• 63. 63 iii) Atrial fibrillation: move deflate slide to extreme right to deflate on R wave (not required on newer pumps) iv) VT or VF: defibrillate or cardiovert as required, the IABP is isolated v) Cardiac arrest (no output)  start ECM  Effective output: set on pressure trigger to synchronise balloon inflation with ECM  No output: set internal mode for a fixed rate of 40 bpm + 20ml augmentation f) Weaning: i) Commence when patient’s haemodynamics have improved. ii) Methods:  Reducing ratio from 1:1 to 1:2 to 1:3 and / or  Reduce augmentation. NB: minimum balloon inflation 50% g) Removal of catheter i) Notify cardiac / vascular surgeons ii) Cease heparin infusion 3 hours prior to removal iii) Disconnect IABP tubing: do not aspirate the balloon iv) Withdraw balloon up to (but not into) the introducer sheath. Even empty the used balloon will not fit into the sheath, and may rupture if attempted. v) Remove the sheath and balloon as single unit, applying pressure immediately. vi) Use Femostop® local pressure during catheter removal:  Remove IABP catheter with Femostop at 60-80mmHg  Inflate dome to 20mmHg above systolic as catheter is fully withdrawn  Reduce pressure by 15mmHg at 10-15 min intervals  If bleeding occurs, reinflate the Femostop to the previously effective pressure and recommence cyclic pressure reduction  Remove Femostop and apply a firm dressing vii) 10-20% may require surgical repair to the artery.5. Complications: a) Limb ischaemia – thrombotic or embolic b) Bleeding at the insertion site or systemically c) Infection d) Aortic dissection e) Occlusion of origins of aortic arch vessels if too high f) Occlusion of renal/splanchnic vessels if too low g) Thrombocytopaenia h) Balloon rupture: gas embolism i) Femoral artery aneurysm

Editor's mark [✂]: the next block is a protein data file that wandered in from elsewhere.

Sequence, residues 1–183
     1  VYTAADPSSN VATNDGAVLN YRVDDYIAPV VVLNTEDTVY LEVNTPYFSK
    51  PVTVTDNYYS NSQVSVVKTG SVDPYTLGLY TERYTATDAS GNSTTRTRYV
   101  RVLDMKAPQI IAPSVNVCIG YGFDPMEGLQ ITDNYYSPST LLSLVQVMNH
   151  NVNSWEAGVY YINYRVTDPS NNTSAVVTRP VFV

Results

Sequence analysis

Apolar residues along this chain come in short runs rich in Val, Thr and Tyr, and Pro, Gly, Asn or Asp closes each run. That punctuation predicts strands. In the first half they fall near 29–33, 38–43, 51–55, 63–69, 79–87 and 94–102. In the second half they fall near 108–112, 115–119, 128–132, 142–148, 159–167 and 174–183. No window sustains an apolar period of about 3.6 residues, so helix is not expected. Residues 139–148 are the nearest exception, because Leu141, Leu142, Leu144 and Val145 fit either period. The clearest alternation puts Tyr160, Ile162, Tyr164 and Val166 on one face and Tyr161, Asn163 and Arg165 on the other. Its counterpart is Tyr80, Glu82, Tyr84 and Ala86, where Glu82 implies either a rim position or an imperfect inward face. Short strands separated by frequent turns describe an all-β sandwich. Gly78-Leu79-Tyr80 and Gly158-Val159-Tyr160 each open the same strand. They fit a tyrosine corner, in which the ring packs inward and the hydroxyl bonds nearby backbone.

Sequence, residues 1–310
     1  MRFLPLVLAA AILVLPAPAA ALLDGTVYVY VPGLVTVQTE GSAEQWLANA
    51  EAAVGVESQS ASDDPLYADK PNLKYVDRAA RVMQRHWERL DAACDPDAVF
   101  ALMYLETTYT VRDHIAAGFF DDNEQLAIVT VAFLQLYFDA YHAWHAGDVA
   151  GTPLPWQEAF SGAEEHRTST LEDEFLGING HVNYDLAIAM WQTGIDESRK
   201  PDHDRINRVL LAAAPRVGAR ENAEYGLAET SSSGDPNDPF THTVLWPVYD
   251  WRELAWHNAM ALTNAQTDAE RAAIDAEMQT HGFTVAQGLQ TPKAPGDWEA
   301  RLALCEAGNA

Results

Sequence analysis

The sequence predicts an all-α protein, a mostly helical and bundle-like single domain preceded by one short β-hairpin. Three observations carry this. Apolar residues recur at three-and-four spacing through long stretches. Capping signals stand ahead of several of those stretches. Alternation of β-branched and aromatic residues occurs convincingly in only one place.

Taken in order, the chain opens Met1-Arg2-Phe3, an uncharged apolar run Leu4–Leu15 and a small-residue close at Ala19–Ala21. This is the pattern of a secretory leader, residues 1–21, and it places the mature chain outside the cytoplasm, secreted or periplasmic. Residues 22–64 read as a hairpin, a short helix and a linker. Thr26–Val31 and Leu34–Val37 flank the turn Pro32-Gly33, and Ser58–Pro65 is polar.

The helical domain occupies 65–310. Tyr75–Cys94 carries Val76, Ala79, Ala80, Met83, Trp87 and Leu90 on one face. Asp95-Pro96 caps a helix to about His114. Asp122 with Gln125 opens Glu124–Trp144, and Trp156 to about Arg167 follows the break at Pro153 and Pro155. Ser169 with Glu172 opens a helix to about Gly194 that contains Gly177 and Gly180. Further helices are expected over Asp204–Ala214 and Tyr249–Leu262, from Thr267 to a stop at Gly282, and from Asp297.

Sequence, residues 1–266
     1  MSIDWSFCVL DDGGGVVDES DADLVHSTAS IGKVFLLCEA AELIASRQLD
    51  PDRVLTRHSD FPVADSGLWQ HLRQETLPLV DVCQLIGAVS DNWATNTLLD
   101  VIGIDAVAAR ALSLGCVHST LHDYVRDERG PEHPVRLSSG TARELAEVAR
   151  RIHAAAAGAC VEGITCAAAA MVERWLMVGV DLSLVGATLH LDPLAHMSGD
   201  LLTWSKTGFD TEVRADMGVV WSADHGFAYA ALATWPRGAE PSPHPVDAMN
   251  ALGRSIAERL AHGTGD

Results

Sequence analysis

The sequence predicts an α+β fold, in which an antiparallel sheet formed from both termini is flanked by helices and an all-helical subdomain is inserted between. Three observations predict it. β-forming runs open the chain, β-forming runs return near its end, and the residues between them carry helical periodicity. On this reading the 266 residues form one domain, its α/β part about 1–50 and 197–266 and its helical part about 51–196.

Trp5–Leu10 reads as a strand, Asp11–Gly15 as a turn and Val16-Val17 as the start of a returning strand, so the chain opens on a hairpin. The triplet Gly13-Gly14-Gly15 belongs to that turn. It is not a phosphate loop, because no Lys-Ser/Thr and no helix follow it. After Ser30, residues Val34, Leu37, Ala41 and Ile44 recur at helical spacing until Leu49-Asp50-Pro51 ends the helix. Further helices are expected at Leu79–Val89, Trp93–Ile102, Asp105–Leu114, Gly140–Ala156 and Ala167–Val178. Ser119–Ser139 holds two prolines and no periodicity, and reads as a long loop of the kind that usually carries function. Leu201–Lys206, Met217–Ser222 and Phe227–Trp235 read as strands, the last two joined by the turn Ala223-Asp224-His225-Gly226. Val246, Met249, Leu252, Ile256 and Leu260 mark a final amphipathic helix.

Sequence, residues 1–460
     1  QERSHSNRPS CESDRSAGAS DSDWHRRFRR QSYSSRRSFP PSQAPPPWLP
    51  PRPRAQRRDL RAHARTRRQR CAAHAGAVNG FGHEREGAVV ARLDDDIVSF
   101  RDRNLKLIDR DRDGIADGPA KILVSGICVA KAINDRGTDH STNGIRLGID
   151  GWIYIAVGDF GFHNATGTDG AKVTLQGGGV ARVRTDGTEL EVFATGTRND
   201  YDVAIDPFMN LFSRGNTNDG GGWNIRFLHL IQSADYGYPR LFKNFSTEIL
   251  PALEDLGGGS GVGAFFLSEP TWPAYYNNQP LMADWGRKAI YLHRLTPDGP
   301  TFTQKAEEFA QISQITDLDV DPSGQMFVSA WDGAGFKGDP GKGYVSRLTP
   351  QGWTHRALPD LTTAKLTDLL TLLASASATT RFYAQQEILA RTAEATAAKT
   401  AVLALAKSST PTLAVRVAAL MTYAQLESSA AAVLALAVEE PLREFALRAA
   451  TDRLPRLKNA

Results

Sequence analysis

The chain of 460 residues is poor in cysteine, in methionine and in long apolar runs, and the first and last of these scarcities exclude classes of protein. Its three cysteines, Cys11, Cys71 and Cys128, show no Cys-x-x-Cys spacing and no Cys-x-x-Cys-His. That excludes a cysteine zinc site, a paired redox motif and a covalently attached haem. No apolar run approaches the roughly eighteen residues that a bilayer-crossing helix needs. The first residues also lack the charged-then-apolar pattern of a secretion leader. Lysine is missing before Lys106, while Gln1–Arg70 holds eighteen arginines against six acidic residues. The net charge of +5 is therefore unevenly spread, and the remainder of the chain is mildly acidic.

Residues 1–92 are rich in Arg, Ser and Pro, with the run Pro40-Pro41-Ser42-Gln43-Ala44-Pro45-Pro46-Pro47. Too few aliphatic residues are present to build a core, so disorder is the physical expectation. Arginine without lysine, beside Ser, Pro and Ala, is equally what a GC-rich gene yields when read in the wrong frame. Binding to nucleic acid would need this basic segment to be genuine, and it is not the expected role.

• 64. 64T. Gastric / Oesophageal Tamponade Tubes1. Policy: a) Ensure the Gastroenterology Unit are informed. b) The ICU consultant must be involved in the decision to insert an oesophageal tamponade tube. c) All patients should be intubated prior to insertion and managed in ICU. i) High risk  torrential regurgitation of blood into the airway ii) Should only be undertaken by an experienced operator. d) Major complications following insertion of tamponade tubes have been reported to occur in 15%, particularly if inserted by inexperienced clinicians.2. Indications: a) Upper gastro-intenstinal variceal haemorrhage. i) Temporising measure while awaiting endoscopy, TIPSS and / or surgery. ii) The tamponade tubes are used in conjunction with an octreotide infusion.3. Types of tubes: a) Minnesota: oesophageal and gastric balloons and 2x aspirating ports b) Sengstaken: oesophageal and gastric balloons and gastric aspirating port c) Linton: gastric balloon and aspirating port4. Procedure: a) Preferably use a bulk & frame bed to allow application of traction. b) Prior to insertion: i) Check both balloons for leaks. ii) Inflate the gastric balloon with 300ml of air and record pressure reading with a manometer. iii) Deflate all balloons completely and lubricate the tube. c) Estimate insertion length = bridge of nose to earlobe + nose to xiphoid process. d) Insert via nose or mouth, under direct vision using a laryngoscope. e) Must ensure gastric balloon is not in the oesophagus. i) Perform urgent x-ray to tube is adequately in the stomach. ii) NB: inflating the gastric balloon in the oesophagus is virtually 100% fatal! f) Inflate the gastric balloon in 50ml increments up to 300ml while monitoring the balloon pressure. i) If the balloon pressure ≥ 5mmHg above the pre-insertion pressure then incorrect (oesophageal) placement is probable ii) This mandates deflation of the balloon and reinsertion of the tube. g) Pull back until resistance is felt as the balloon rests against the gastric fundus. h) Note the measurement at the lips and apply gentle traction with 500ml bag of fluid on a rope and pulley system.